Sun Beats: Eco Poetry
March 1, 2016
A poetry event hosted by Sun Beats was a storming success earlier in January this year at Falmouth University. Archie Wilson explains more about the evening and what it was like to be there.
Ecopoetry is a term far easier to explain through reading than trying to describe it. It questions our position in nature, what nature is, and how our impact changes nature. It can be political, responding to the relentless drive of industrialisation and globalisation. It can also be internally focused, on personal relationships and interpretations of nature. Ecopoetry can question itself, whether the work exists outside of nature or as an interior response.
In late January, Sun Beats hosted an evening of poetry at Falmouth University to explore and try to explain what Ecopoetry means and how it can be expressed.
Organised by two third year Creative Writing students, Sun Beats 1 was the first in a series of poetry events inspired by Ecopoetry. The poets themselves all had very different journeys to Falmouth, crossing seas, getting a train from London, and returning from as far away as the Arctic Circle.
The two students in charge of the evening, Anna Cathenka and Sarah Cave, explained the inspiration for Sun Beats came from a John Burnside quote: ‘Nature isn’t out there, its continuous within us.’
The suggestion that poetry is not external but continuous is a chief feature of Ecopoetry. Burnside, a professor of Creative Writing at St. Andrews University, is a poet strongly related to the Ecopoetry movement and a key influence for its development today.
The first poet to read was Nancy Campbell. She first described some of her experiences of recent writing residencies at research centres within the Arctic Circle. Then Nancy moved on to reading some of the work inspired by her time there.
Her poems reflected the vast cold of the region evoking an isolation and delicacy. Her soft reading voice added to the experience, capturing the feeling of the landscape and its people. The room was held captivated to hear her reading unique poems of a place so few have visited. They had an intimate personality but also a mysticism of a land where legends still exist and a frozen history that cannot die. Nancy’s Disko Bay is her debut collection of poetry from her time in Greenland.
After Nancy, in bubbling contrast, Sophie Herxheimer leapt onto the stage. Having travelled from London, Sophie brought with her the energy of the cityscape. In her poems she took multiple personas, including her Jewish grandmother first arriving in London.
As an artist as well as a poet, Sophie’s poems are as visual as they are literary. Her poems were written on paper as big as her character and stood out in the performance. Sophie read from her book, The Listening Forest, inspired by a residency that left her alone in a wood for a month to just write and paint. The book stretched out to 30 metres long and was lavish to see with painted forest scenes to compliment the words.
Next was Isabel Galleymore, reading from her pamphlet, Dazzle Ship. Inspired by the Cornish coast, she brought the mood back down with poems about cockles and toads using language informed by the natural word. As well as publishing her own work, Isabel is co-editor of The Clearing, an online magazine that focuses on place and nature writing.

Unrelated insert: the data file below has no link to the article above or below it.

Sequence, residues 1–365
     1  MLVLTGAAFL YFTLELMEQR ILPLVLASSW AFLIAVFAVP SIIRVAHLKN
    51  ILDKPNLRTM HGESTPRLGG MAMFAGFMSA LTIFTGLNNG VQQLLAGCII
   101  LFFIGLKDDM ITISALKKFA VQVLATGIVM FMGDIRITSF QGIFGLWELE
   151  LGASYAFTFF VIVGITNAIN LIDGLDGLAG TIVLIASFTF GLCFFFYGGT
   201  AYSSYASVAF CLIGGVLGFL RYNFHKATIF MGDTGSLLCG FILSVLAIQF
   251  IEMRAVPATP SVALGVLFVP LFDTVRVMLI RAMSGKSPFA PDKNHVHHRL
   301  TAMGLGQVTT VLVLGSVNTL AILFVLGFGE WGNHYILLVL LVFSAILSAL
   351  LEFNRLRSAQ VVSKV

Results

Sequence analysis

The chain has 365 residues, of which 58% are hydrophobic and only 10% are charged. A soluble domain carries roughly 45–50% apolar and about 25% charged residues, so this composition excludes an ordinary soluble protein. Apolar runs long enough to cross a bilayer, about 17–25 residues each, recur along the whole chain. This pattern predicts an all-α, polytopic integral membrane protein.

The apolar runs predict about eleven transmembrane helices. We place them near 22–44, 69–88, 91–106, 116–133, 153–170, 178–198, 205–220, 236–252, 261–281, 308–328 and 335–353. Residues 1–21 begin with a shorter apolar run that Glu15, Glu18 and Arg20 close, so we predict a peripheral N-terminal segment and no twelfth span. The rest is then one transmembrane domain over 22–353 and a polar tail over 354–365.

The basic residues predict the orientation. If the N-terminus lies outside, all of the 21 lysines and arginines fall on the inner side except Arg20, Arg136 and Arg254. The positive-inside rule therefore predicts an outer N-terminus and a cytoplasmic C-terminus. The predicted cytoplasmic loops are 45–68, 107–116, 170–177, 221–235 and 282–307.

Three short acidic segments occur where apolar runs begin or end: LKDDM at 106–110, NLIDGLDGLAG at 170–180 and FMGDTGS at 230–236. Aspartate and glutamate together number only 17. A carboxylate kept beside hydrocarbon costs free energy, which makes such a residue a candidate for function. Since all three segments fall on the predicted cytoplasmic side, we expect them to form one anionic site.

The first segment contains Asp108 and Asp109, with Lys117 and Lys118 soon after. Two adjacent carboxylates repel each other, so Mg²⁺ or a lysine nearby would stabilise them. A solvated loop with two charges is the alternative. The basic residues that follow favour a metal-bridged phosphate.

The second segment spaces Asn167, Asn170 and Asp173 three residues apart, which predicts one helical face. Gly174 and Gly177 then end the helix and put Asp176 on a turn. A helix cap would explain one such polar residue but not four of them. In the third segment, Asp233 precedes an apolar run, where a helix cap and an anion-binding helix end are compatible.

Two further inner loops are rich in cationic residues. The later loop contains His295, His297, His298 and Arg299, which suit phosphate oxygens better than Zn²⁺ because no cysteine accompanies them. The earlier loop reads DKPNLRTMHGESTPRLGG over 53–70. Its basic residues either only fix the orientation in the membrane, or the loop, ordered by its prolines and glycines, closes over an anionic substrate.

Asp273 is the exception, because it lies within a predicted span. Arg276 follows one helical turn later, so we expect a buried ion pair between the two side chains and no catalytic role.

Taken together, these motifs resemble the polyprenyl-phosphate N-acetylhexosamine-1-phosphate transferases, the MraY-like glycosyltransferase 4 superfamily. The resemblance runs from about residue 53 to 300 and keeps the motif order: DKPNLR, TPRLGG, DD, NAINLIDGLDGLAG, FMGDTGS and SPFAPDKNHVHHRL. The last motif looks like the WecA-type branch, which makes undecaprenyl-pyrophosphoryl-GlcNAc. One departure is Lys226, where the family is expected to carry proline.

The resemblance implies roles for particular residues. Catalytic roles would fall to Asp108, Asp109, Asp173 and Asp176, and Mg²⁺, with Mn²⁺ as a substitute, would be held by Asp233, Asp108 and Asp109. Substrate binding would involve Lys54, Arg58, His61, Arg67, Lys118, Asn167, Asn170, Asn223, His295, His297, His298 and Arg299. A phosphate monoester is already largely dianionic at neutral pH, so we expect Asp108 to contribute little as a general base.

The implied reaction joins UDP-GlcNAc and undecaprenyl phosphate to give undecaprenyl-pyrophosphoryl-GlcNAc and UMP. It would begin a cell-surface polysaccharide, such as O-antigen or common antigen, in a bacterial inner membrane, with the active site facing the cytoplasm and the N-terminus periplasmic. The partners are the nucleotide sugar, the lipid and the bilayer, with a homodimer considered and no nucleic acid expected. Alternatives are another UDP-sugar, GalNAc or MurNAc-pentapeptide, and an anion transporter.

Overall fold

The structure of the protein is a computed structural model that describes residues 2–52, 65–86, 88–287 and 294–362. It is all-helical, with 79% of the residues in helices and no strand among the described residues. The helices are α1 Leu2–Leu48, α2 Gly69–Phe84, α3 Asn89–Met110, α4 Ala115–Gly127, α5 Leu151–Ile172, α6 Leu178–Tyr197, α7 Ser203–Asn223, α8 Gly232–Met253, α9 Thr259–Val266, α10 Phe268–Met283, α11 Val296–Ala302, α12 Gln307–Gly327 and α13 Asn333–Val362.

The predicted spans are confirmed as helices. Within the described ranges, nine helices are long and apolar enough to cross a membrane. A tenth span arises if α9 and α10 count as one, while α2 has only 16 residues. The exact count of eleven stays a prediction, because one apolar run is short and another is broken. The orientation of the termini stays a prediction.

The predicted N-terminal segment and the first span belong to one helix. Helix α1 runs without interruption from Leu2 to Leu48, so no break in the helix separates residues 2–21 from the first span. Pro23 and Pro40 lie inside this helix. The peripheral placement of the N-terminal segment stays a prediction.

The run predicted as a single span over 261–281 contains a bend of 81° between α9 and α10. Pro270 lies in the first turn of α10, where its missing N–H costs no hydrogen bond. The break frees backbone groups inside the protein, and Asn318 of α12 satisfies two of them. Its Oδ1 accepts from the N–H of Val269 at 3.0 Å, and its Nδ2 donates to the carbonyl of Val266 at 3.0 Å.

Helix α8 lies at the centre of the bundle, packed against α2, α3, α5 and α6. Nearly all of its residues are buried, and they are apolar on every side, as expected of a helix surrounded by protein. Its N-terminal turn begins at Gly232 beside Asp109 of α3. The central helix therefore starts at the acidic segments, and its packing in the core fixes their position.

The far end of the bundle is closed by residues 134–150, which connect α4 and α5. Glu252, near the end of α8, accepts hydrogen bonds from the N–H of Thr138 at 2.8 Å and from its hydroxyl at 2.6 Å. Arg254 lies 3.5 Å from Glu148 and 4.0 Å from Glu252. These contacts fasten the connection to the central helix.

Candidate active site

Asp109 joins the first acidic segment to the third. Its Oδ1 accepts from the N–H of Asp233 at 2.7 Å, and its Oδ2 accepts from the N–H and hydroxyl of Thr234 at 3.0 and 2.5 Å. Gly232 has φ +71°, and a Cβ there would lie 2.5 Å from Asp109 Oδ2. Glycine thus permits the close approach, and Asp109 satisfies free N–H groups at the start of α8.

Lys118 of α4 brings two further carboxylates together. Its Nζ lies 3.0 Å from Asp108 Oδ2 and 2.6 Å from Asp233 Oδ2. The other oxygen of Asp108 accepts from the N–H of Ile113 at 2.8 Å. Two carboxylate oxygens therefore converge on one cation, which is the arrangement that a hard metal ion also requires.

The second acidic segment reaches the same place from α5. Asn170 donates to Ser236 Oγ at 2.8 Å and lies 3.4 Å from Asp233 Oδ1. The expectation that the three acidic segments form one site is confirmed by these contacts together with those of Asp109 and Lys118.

Towards the end of her set Isabel trialled some new poems. These took a more expansive theme, covering global warming, which Isabel admitted she was hesitant to explore given the strong, polar opinions and blaming language the topic inspires. Her poems were a fresh take on the issue, taking a step back from our personal guilt, instead gazing at the effects and the impact.
The last poet to read was Nathan Thompson. Nathan’s poems explored personal interaction, using natural imagery as expression to the themes. He explored philosophical ideas from an individual, experienced point of view.
His words were hesitant reflecting the difficulty of the topics her explored. Nathan divides his time between Jersey and the UK, has a PhD from the University of Salford as well as having published many pamphlets and books. He has recently released a chapbook co-written with Falmouth lecturer, Rupert Loydell, called First and Last.
Afterwards, all the poets took the stage for a question and answer session. The audience was made up of a fairly even mix of university students and local people. Nancy spoke about how the arctic landscape had surprised her by bringing out a human nature to writing, focusing on people of the area, exploring their daily lives and the tools they use.
After a question for Isabel about the difficulty of writing about climate change, she answered with the concept that is difficult to grasp in scale.
All the poets talked about how they approach writing, from disorganised notebooks to rigidly set times of the week devoted to the task. This was followed by a question on how to know when a poem is finished. Sophie described how reading a poem to an audience leads to seeing it in a new light and how stepping away from the poem, with time, helps to finalise them. Nathan felt poems were never finished, even when published, but were constantly evolving.
After this, the mic was opened to the floor and students read their own poetry to the audience. As well as Sun Beats, Anna Cathenka and Sarah Cave also hosted a night of sound poetry called Sausagefish late last month at The Front in Falmouth town and regularly contribute to poetry events.
Following the success of the previous event, they both hope to host another Sun Beats session soon after spring.
Cornish Story will keep you posted for further details!
Archie Wilson is a third year Creative Writing student at Falmouth University.